It’s not clear who was responsible for these, and they did not officially endorse any Conservative candidates. But they were described by Nick Lowles of Hope not Hate as “a dangerous, divisive and illegal interference in the London elections” and sadly, we’ve seen these tactics already from the Tories, with Zac Goldsmith’s bizarre insinuations that Sadiq Khan supported “a wealth tax on family jewellery”, again aimed at Hindu voters, and this time around Susan Hall kicked off her campaign saying that Jewish Londoners had reason to be “frightened” of Sadiq Khan.

Whatever criticisms one might have of the Mayor, he’s a liberal with an excellent record on community cohesion, and the Tories’ repeated attempts to link him to Islamist extremism, or to suggest Hindu or Jewish Londoners have something to fear from his Mayoralty, have been depressing and disingenuous. No doubt these tactics won them some votes, but it’s been heartening to see many more Londoners put off by them.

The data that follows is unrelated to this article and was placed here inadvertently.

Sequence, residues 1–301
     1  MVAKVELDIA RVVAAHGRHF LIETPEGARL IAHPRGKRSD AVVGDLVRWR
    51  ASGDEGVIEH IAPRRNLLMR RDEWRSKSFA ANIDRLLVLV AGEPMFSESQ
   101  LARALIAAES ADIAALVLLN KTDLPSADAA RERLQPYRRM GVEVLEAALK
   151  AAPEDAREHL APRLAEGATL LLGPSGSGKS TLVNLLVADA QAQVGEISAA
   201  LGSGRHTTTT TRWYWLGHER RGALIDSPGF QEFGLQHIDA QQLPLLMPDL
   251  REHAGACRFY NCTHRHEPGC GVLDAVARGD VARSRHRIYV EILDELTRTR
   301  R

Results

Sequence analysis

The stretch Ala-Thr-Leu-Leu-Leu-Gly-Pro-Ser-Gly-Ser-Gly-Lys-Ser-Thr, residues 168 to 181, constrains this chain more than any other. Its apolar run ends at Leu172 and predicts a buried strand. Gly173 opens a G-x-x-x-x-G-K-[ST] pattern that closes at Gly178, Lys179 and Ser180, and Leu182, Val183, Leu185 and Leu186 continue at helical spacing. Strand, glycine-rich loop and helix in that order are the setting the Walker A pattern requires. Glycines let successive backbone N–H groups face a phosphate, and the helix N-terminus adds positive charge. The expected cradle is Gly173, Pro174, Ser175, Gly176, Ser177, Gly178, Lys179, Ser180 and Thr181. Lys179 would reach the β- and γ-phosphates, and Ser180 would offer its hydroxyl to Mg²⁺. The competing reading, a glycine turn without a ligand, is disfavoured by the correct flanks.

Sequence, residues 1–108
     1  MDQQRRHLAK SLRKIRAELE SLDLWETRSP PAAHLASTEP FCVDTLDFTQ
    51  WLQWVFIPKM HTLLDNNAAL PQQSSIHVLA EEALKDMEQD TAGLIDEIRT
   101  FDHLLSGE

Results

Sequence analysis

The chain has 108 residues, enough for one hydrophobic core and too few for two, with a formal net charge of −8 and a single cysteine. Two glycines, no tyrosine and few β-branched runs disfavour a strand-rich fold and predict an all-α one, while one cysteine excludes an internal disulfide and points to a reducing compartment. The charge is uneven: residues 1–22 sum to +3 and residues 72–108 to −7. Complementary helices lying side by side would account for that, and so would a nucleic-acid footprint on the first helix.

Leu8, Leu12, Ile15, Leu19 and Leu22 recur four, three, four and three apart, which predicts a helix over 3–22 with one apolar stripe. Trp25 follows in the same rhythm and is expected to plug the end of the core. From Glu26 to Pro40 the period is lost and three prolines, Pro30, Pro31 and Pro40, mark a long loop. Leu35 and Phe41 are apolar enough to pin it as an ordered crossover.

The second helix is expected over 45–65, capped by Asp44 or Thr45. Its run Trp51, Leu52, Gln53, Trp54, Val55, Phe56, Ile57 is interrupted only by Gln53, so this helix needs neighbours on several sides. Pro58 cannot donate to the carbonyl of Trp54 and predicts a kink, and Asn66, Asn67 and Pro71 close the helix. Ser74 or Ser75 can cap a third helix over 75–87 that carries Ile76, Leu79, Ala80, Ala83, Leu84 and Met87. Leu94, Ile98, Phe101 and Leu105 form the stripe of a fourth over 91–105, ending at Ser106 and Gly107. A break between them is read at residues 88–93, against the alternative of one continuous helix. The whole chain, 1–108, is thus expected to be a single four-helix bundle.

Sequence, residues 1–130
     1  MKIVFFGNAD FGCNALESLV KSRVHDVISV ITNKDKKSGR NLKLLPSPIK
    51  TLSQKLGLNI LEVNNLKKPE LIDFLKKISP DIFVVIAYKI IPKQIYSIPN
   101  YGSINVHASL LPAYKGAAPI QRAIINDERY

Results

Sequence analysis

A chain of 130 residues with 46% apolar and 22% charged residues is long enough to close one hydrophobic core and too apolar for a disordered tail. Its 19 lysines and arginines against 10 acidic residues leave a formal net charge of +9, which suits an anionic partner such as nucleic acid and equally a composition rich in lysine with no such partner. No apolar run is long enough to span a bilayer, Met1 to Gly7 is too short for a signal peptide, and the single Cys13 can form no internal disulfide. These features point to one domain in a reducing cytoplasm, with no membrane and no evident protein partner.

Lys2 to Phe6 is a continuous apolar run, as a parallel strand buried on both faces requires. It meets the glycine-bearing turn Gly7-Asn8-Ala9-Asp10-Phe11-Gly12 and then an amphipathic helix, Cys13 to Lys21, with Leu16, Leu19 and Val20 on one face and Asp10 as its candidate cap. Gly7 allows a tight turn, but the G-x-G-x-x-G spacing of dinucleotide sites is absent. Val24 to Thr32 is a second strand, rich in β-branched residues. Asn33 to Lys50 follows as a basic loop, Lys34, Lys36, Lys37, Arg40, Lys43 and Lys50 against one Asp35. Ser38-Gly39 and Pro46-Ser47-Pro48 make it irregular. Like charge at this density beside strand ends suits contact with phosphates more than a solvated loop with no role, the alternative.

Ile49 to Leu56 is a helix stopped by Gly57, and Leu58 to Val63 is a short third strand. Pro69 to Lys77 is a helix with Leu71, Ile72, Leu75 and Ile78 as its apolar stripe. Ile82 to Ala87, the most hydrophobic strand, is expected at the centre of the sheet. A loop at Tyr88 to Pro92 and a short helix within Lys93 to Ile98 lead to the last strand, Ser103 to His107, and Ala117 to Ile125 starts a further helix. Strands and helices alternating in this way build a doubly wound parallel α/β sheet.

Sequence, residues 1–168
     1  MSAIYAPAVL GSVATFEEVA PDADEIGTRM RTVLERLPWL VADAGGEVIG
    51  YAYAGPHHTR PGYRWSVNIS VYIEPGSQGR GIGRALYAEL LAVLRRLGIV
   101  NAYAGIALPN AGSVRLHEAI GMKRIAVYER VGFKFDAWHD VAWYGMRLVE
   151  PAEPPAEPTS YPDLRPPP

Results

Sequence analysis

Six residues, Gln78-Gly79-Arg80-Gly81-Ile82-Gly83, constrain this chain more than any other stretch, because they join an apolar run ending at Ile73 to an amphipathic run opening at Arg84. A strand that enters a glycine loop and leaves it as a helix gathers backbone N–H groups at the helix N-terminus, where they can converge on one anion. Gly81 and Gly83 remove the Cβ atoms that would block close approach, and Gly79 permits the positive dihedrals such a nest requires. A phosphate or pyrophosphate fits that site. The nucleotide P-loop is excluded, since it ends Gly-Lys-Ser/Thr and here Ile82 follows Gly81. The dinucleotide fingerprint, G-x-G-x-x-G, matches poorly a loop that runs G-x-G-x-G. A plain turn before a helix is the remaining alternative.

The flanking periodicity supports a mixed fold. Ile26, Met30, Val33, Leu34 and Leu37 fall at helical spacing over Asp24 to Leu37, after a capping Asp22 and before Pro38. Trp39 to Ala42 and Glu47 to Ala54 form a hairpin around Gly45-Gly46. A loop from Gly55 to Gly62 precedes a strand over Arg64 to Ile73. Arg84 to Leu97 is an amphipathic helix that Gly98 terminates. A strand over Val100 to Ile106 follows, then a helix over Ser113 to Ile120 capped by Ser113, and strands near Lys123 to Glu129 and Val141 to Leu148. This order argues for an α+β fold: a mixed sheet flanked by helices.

Changing voter loyalties

I happen to represent one of Harrow’s most marginal wards, finding myself in the sometimes surprising position of being the Labour party councillor for Harrow School, with its yearly fees of £50,000. The ward itself contains the original village of Harrow-on-the-Hill, where wrought-iron lampposts shine down on half-a-million pound Victorian cottages, and many residents have connections to the school.

They would probably not be seen as likely Labour voters, and yet they sometimes strike me as a microcosm of exactly who the current Tory party is repelling, both in London and nationally – a mix of educated professionals (I’ve seen more than one EU flag in windows while canvassing) and traditional conservatives put off by the general air of fecklessness, unseriousness and far-right politics epitomised by the party of Johnson and Truss, Susan Hall and Suella Braverman (who hails from Harrow too). A former Conservative councillor for the ward, and Susan Hall’s former Deputy at Harrow council, is now endorsing Labour, citing Boris Johnson’s ‘chaotic leadership’ and Brexit as his reasons.